SEMA Wants Input on Plans for 2020 SEMA Show
The Specialty Equipment Market Association continues to plan for an in-person 2020 SEMA Show, but organizers also are watching a spike in coronavirus cases in Las Vegas and working on a virtual element to meet the demand of international attendees who may face travel restrictions.
Chris Kersting, CEO and president of SEMA, and Tim Martin, chairman of the SEMA board of directors, provided an update to the association’s members on July 23 as part of the annual membership meeting, which was held online.
At the outset, Martin said, “Our staff is meeting regularly with Las Vegas officials to monitor the situation and adjust our plans.”
SEMA will be gathering the feedback of its members in the coming days via a survey.
“I want to assure all of you that the SEMA staff and board were mindful that the COVID landscape is constantly changing and we’re interested to know what the industry is thinking,” Kersting said. The member survey will ask the industry to weigh in on the current show plans and outlined safety measures, which include a requirement that all wear face coverings.
“We’ll also be asking you about some alternative ways we can set up the show.”
Martin said, “Our top priority of the show this year is the health and safety of our industry members and staff.”
Kersting said registrations from exhibiting companies “is currently about 75% of a normal year, which I think is surprisingly strong.” He said buyer applications continue to roll in, as well.
“The SEMA Show will no doubt be different this year,” Kersting said. “COVID safety measures that we can deliver for the show, we see that as a way of making sure that business value is delivered safely.
Kersting and Martin also addressed questions from attendees. And while some focused on issues and events unrelated to SEMA’s upcoming events, here’s a look at what was on the minds of members as it relates to the 2020 SEMA Show:
Q: When will SEMA make a final decision on whether or not the show will go on?
Earlier this year the organization set a Sept. 1 cancellation date for exhibitors. Up until that day, Martin said exhibitors can cancel without penalty and receive a full refund. That date “gives us an idea of whether our exhibitors are still committed to the show. We do not have a lot of cancellations. We have pretty strong support from our exhibitors at this point in time, but ultimately our ability to have the show in November in Las Vegas is going to be affected by the local government officials.
“They ultimately have a say in that and the convention center officials in Las Vegas are working with us. We’re meeting with them regularly to assess the changes. It’s a constantly evolving situation so we’re working on that.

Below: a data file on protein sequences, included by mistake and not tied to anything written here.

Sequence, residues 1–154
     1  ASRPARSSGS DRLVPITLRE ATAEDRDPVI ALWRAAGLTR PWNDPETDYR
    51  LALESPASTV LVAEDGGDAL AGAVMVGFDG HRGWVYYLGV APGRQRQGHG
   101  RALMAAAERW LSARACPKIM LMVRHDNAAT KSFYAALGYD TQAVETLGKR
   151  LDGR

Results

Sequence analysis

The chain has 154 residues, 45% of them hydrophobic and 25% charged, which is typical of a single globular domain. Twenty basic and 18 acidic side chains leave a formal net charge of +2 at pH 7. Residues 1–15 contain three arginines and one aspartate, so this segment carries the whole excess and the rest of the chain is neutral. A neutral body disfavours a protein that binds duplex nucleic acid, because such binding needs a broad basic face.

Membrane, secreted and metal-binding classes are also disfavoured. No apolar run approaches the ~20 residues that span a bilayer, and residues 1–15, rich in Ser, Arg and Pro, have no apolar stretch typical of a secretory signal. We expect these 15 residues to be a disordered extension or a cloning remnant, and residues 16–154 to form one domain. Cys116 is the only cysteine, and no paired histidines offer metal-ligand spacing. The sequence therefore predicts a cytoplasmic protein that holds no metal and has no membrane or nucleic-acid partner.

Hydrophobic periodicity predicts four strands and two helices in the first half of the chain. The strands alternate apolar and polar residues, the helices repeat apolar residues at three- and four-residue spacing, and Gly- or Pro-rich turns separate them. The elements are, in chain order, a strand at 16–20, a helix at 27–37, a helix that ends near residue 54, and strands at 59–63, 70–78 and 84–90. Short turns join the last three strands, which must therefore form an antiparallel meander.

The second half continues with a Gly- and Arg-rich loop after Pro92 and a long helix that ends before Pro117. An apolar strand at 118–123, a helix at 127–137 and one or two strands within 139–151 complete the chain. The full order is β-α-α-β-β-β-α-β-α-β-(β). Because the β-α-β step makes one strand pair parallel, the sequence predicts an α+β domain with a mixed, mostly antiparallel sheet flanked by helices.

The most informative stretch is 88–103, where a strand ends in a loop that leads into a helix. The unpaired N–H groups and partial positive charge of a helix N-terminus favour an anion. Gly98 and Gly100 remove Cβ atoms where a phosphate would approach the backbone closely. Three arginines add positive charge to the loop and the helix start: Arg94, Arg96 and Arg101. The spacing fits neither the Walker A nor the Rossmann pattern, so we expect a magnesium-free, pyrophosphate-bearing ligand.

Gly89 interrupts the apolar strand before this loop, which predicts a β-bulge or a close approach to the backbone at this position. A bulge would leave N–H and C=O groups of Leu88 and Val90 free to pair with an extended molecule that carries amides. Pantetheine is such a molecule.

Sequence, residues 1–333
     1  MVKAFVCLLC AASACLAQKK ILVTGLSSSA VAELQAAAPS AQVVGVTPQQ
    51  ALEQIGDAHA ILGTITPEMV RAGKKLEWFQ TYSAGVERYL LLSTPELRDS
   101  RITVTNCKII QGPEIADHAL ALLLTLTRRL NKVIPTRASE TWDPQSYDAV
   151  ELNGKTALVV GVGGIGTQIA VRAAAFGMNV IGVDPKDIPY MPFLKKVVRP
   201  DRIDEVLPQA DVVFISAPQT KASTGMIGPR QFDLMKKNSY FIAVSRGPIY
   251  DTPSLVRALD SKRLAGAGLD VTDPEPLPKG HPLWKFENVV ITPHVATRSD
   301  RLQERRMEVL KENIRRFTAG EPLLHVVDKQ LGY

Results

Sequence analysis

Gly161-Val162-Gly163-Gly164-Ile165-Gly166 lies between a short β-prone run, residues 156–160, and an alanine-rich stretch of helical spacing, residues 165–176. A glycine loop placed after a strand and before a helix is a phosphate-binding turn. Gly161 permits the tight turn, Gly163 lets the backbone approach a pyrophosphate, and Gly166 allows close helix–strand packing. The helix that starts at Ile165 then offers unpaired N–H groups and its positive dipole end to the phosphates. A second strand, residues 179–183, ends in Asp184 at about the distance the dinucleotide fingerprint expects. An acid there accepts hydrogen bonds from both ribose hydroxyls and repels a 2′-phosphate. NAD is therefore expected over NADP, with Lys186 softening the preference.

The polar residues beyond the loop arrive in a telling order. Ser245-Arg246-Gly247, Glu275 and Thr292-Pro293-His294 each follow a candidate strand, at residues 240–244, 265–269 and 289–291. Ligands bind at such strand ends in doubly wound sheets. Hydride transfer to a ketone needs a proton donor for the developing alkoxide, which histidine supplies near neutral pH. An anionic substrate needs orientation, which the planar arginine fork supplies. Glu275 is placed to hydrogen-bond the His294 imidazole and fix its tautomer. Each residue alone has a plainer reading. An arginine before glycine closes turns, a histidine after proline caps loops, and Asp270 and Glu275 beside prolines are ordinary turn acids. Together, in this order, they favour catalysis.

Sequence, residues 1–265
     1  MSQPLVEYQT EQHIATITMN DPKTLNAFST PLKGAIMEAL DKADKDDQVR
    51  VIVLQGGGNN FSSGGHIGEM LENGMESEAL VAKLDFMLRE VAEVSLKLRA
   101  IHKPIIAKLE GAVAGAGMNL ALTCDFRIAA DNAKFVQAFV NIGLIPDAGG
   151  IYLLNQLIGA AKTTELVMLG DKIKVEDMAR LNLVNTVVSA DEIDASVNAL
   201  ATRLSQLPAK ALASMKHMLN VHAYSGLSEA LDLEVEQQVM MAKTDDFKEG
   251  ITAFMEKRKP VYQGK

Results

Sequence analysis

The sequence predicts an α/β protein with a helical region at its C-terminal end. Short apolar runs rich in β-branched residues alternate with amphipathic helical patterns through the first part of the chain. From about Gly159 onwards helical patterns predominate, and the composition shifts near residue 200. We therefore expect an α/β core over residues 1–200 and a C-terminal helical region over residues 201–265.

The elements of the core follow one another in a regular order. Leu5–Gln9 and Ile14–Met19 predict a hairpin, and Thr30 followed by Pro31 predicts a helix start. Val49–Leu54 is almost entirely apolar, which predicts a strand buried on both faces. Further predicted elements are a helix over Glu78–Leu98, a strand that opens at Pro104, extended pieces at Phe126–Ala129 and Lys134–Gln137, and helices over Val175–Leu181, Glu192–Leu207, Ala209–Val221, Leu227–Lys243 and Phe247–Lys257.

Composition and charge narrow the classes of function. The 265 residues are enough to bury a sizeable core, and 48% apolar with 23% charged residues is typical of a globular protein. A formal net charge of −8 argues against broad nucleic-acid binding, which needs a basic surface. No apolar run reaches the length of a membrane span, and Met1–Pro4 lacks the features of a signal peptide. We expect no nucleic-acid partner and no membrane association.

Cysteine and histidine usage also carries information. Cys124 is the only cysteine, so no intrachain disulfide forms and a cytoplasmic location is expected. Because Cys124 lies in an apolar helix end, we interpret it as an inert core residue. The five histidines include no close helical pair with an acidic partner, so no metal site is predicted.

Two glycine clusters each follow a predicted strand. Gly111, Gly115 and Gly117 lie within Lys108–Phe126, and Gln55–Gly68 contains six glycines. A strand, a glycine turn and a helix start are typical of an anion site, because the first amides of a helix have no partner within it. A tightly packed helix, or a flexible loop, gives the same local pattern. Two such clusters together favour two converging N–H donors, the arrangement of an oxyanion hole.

“If we can get assurance from those officials and continue to plan, we’re going to obviously do that. If we don’t feel comfortable we’ll do our best to give as much notice to our exhibitors as possible. (We) certainly anticipate having that assurance by September.”
Kersting noted that members have made it clear that the SEMA Show in November and the PRI Show in December in Indianapolis are “really important annual business events for our member companies. Folks are as interested as ever in trying to have the events just as SEMA is interested in trying to make sure they come off.
“I think it’s really incumbent on us to figure out how we can deliver that great business meeting in a safe manner. We’re working on it.”
Q: Will exhibitors lose their seniority if they cancel?
The answer is no.
Martin said, “The board of directors voted in March to reduce the risk for exhibitors. They will not lose seniority if they decide to cancel due to COVID. Furthermore, if SEMA cancels the event due to government intervention, same story; there would be no impact to people’s seniority. If for some reason the event were to be canceled, fees would be returned. We’re doing the best we can to reduce the risk for our members.”
Q: Do you expect the 2020 SEMA Show and 2020 PRI show to occur at their respective venues?
“We do expect that. It’s obviously been challenging because of the constantly evolving situation with COVID,” Martin said. “Right now Las Vegas is going through a bit of a spike. Hopefully that’s going to subside and we’ll get back to a really great, favorable trajectory. We still have three months ‘til the show. We’re working on it constantly.
As for PRI, Martin said, “The situation in Indianapolis is more favorable. They have a better state of affairs with regard to COVID and their government is farther along on their reopening policy. And we have a little more than four months to that event. That particular event I think we’re in great shape - if (things) don’t really turn negative. The convention center is very confident we’ll be able to have that event.”
Kersting added that it’s possible the virus picture in Las Vegas will turn around. He pointed to the recovery of New York as a reminder of how a dire situation has evolved to a recovery and reopening.
Q: Due to COVID-19, will SEMA be limiting international attendance?
Martin said SEMA is allowing registrations “from anywhere in the world.” But international visitors would face travel limitations from their home countries, as well as the regulations set up by the U.S. federal government. “We don’t know what wil be possible, but that is limiting international registration particularly.”
Kersting added, “One of the things we’re looking into very strongly, and that I expect we’ll deliver, is relevant to that matter of international participation, is being able to have a virtual aspect to the SEMA Show.
“This year we may not have some of the international folks be able to attend, but they may be able to participate virtually, and I think that will give that demand some way to be satisfied. That’s something that’s in the offing as we’re going down the road.”